An electrocardiogram (ECG or EKG) measures the electrical activity of your heart. The heart generates an electrical signal, which flows out from your heart through your body. Small electrical sensors, called electrodes, are put on your skin to sense the electricity that began in your heart. The electrical activity is then turned into a graph. This can give doctors an idea of whether your heart is beating normally.
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An ECG is used to:
- Diagnose heart attacks and rhythm problems
- Offer clues about other heart conditions and conditions not primarily related to the heart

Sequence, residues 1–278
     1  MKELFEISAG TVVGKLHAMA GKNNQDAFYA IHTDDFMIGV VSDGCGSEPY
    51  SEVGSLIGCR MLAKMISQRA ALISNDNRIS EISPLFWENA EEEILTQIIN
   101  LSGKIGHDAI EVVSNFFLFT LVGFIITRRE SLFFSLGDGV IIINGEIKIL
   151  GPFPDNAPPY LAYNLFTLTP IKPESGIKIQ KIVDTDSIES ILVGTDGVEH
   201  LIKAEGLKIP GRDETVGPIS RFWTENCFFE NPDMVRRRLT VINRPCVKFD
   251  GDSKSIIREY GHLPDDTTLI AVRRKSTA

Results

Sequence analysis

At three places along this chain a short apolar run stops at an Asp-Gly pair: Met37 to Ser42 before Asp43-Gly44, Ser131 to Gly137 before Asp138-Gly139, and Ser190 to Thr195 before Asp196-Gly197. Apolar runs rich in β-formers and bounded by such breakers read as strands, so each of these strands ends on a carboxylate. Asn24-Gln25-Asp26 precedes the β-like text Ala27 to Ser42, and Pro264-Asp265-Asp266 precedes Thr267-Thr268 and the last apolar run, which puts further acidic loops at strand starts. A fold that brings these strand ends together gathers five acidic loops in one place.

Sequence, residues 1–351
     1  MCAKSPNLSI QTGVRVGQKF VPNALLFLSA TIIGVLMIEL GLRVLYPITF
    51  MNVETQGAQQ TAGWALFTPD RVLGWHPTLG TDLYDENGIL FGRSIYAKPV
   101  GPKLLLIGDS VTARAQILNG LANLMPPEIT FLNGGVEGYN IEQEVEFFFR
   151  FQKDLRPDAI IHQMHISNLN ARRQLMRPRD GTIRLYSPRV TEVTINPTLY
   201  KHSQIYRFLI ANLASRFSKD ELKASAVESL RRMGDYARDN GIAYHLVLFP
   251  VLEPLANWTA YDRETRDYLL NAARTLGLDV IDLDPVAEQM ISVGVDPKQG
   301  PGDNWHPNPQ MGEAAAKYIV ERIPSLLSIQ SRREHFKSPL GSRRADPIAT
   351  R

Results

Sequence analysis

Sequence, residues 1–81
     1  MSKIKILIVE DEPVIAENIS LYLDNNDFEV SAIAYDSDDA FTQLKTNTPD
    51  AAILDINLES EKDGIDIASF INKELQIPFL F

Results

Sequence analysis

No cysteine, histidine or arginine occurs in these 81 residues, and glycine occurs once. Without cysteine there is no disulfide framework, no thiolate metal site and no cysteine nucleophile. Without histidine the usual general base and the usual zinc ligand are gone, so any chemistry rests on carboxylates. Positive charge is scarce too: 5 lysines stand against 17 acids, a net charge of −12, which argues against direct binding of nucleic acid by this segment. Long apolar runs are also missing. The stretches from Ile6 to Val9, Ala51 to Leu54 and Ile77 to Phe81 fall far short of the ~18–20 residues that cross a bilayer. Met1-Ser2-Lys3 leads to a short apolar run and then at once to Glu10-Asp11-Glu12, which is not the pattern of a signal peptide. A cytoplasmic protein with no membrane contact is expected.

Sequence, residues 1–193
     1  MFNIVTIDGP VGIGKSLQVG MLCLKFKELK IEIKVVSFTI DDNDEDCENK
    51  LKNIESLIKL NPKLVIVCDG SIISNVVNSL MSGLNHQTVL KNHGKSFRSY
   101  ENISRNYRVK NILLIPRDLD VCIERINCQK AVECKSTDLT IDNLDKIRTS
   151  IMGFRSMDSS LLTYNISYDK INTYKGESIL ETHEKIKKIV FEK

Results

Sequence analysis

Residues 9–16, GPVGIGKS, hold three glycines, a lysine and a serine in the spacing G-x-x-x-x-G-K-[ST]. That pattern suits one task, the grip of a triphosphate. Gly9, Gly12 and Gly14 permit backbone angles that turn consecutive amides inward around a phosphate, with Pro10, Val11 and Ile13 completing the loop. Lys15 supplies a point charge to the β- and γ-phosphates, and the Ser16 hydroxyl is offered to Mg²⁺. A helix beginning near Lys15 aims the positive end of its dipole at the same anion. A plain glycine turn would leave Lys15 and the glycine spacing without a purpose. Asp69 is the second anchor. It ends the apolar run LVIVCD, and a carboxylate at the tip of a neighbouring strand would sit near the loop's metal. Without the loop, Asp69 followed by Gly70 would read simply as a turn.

- Detect conditions that alter the body’s balance of electrolytes, such as potassium and magnesium
- Detect other problems, such as overdoses of certain drugs
Symptoms that may prompt an ECG include:
- Chest discomfort or pain
- Shortness of breath
- Nausea or the feeling that you have to vomit
- History of fainting
An ECG may also be obtained if you:
Last reviewedMay 2013by Michael J. Fucci, DO; Brian Randall, MD
Please be aware that this information is provided to supplement the care provided by your physician. It is neither intended nor implied to be a substitute for professional medical advice. CALL YOUR HEALTHCARE PROVIDER IMMEDIATELY IF YOU THINK YOU MAY HAVE A MEDICAL EMERGENCY. Always seek the advice of your physician or other qualified health provider prior to starting any new treatment or with any questions you may have regarding a medical condition.